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Terry Gilliams Explains Why '2001' Is Better Than 'Close Encounters'; Talks Abandoned 'Time Bandits' TV Series

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by Kristen Lopez
May 7, 2013 2:45 PM
8 Comments
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2001: A Space Odyssey Close Encounters Of The Third Kind Terry Gilliam

There’s no doubt Terry Gilliam is one of the chattiest directors out there, and his disdain for mindless popular entertainment is well-documented.  During a sit-down interview at Entertainment Weekly’s first ever CapeTown Film Fest, the director answered questions about his career, popular culture, and everything in between.  

Gilliam’s failures have been just as heavily documented as his successes. Case in point, the excellent documentary “Lost in La Mancha” which details his struggles to get an adaptation of “Don Quixote” off the ground (an idea the director continues to bring up every few years).  In discussing his legacy in film with EW, he considers the failure of his film “Brazil” as a “huge success. And that’s why we, today, are so proud of Homeland Security.”  

No doubt the director has a wry sense of humor and sarcasm is his main method of communication. When he’s not making quips about Homeland Security, Gilliam talks about his latest film, “Zero Theorem” starring two-time Academy Award winner Christoph Waltz and which could be gaining actor Bill Murray... Gilliam didn’t go into details on the plot, at least if what he says is the plot, but described it thus: “If you want to go see a movie about a guy sitting in front of his computer in a burnt-out chapel waiting for a phone call that gives meaning to his life, that’s the one for you!”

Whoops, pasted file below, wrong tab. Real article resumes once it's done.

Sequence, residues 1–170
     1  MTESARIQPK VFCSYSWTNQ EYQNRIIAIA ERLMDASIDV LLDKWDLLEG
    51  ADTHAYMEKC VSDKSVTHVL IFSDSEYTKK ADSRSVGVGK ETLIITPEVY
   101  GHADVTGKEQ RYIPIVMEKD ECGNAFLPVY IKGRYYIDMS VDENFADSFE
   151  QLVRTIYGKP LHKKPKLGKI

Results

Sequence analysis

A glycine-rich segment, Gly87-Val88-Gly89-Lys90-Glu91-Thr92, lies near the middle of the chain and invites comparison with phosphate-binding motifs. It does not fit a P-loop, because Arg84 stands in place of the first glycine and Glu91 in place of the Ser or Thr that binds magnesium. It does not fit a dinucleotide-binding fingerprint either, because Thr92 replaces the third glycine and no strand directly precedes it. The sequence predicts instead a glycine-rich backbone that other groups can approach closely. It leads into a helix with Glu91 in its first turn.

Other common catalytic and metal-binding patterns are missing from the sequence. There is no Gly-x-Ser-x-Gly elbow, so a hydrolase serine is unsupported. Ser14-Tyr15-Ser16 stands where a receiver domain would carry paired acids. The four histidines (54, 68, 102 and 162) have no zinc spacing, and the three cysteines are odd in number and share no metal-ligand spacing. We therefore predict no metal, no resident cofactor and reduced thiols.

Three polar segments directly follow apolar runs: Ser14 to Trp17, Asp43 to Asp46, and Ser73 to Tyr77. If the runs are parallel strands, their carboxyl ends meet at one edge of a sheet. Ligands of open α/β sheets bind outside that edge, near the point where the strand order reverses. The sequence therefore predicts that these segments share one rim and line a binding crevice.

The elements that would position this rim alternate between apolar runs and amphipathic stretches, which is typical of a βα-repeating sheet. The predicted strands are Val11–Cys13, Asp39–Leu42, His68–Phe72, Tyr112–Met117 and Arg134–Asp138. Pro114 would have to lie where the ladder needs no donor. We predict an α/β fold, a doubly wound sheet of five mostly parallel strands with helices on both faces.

He also went into detail on what could have been, such as a television spin-off of his movie “Time Bandits,” and the almost, not quite time he was set to direct a “Harry Potter” movie.  In terms of the “Time Bandits” television show, he explains that Hallmark considered doing a show at one point, and that a couple episodes were written by him and Charles McKeown.  Unfortunately, “9/11 occurred…and they decided after that that people didn’t want to be entertained.” If you haven’t noticed by the comments, Gilliam has no filter. Such is the case with his views on almost directing an installment of the “Harry Potter” franchise: “J.K. Rowling and the producer wanted me. Then wiser heads -- studio heads -- prevailed.”  

Gilliam also doesn’t have any love lost for the spate of remakes and sequels that permeate the theaters today, saying that he refused to sell the rights to “Time Bandits” because “the only stipulation was that there wouldn’t be any dwarves in it.” Don’t expect him to craft any sequels to his work, as he finds the continuous repetition in Hollywood to be “like a McDonald’s hamburger.”  

But perhaps his most quotable remarks of the conversation come when he talks about his preference for endings with ambiguity rather than definitive answers. And he pits two sci-fi classics against each other to make his point. “It always stuck with me, the ending from '2001.' I don’t know what it’s really saying. I know it’s beautiful, it’s telling me many things, I don’t quite understand it, but I know it gets me thinking," he explained. "When I look at 'Close Encounters,' there’s a perfect ending: the door opens, and that great sort of Preying Mantis Silhouette figure comes out. Cut to black, folks! Don’t let the little kids with the rubber suits come in! That’s a really fucking awful answer!”

The video interview with Gilliam is hilarious and includes more of his views on “Transformers,” God, and anything else you can think of.  You can head over to the Entertainment Weekly website to watch it.  

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8 Comments

  • JOEY | May 29, 2013 1:51 PMReply